Specific training is required to learn how to stunt correctly and safely. If something goes wrong in a stunt, there is a very high risk of someone injuring themselves. Communication is also crucial in a stunt group in order to fix any stability issues that occur when in a stunt. In order to be a cheerleader, it is necessary to have a loud voice, a strong memory, good timing, flexibility, and excellent communication skills. Since I had a traditional dance background prior to starting cheerleading, I was very flexible, could remembers long routines and was able to stay in synch with the rest of the squad.
When it comes to competitive cheer, there is a lot more than yelling chants. Cheerleading requires sharp/quick motions, strength, along with perfect timing. Cheerleaders have to have the ability to throw 100+ pound girls in the air and be able to catch them. In conclusion, cheerleading is dangerous, competitive, and takes time and dedication. These are all the components of what society considers a “true sport.”
Cheerleading isn’t a real sport When people think of sports they think of homeruns being hit, touchdowns being thrown, goals being kicked, hockey players beating each other up, and hearing the swish of the net. Not a bunch of girls running back and forth doing flips and tricks. I believe cheerleading is not a sport for one of many reasons. First of all when a sport is being played whether it’s Baseball, Football, Soccer, Hockey, or Basketball there’s always periods, halves, quarters and the game usually takes about 3 hours. With cheerleading, they perform for about 3 minutes to a song in front of a couple judges.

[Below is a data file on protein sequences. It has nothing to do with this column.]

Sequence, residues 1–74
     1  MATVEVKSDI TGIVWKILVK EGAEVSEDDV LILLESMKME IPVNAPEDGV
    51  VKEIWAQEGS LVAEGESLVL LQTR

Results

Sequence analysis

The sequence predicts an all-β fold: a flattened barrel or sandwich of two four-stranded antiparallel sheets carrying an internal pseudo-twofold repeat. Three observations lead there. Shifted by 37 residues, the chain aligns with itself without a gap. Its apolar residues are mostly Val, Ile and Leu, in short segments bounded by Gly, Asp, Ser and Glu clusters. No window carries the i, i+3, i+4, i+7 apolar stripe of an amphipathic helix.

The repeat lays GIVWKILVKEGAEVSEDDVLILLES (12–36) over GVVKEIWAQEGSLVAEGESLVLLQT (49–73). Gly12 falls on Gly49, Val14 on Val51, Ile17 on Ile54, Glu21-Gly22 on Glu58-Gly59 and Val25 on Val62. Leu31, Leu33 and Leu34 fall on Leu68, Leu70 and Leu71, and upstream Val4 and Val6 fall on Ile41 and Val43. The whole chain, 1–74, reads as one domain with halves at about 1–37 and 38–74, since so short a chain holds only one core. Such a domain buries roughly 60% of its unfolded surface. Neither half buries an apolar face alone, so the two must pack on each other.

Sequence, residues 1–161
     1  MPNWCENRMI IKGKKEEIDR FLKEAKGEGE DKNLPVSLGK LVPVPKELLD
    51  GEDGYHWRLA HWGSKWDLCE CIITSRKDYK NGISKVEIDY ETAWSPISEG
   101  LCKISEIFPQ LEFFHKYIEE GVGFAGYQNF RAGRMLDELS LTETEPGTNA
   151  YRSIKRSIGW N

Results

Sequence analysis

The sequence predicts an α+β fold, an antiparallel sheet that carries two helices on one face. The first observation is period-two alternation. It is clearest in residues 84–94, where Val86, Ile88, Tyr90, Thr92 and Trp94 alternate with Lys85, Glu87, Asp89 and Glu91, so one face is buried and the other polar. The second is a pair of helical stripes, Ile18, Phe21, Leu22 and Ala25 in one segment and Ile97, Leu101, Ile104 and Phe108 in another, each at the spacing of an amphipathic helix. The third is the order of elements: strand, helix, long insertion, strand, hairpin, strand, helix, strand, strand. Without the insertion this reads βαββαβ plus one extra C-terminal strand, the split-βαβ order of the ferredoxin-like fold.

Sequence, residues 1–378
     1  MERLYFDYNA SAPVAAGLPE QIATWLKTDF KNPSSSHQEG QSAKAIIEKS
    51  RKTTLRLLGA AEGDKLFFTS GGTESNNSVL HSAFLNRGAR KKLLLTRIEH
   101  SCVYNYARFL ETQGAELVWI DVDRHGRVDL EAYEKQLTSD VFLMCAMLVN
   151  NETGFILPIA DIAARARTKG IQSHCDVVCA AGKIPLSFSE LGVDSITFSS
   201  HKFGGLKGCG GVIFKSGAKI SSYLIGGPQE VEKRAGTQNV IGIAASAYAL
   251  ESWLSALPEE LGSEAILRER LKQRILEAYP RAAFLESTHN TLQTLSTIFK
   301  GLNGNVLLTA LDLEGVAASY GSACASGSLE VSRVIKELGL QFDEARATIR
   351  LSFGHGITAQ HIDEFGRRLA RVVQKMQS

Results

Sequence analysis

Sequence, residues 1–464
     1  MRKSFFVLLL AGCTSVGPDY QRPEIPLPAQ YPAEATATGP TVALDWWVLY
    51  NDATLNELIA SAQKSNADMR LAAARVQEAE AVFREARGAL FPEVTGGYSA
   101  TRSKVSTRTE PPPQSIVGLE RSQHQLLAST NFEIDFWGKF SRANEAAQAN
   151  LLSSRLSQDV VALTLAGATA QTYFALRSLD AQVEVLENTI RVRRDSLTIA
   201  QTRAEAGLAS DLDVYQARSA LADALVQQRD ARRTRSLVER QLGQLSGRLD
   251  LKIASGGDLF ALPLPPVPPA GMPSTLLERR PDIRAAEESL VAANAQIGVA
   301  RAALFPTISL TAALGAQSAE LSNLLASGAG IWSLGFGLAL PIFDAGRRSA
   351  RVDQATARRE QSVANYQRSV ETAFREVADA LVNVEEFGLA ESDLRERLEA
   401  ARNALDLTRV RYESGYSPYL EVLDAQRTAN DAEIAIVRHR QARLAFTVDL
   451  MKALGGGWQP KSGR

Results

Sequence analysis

Their cheerleading program is considered a Title IX sport. Despite suggestions to not consider cheerleading a sport for gender equality, they divided their program in half to better meet the requirements of being a sport under Title IX. The cheerleading team they consider a sport only competes and never cheers at games, similar to how all-star cheerleading. The cheerleaders seen at Maryland’s football and basketball games are part of a school club and are not considered part of a sport’s program. In addition to colleges recognizing cheerleading as a sport, 22 states now recognize high school cheer as a sport, including Arizona.
The vast majority think about cheerleading as a feeble action that requires young ladies sprucing up in charming garbs and waving around tufts. On the other hand, cheerleading is an exceptional game that requires practice, devotion, and learning of abilities. Much the same as some other game, material science is included in cheerleading 100%. Material science is found in each and every movement and trick. Cheerleading depends on tricks, tumbling, and bounced and since material science is so included in this game it makes this game really exist.
Cheerleaders have competitions which they physically work together to perform and compete to win awards. “The word sport is defined as "an activity involving physical exertion and skill in which an individual or team competes against another or others for entertainment” (Tori Jackson). Also cheerleaders don 't get points by scoring a touchdown or making a basket, but they get points by performing a perfect routine, like other sports. “They also note that competitive cheer squads are judged on their skill--just as in figure skating, gymnastics, diving, and other sports” (pom pom shake up). Lastly cheerleaders have rules to follow just like football does, like no going off the mat just like football players can 't go off the field.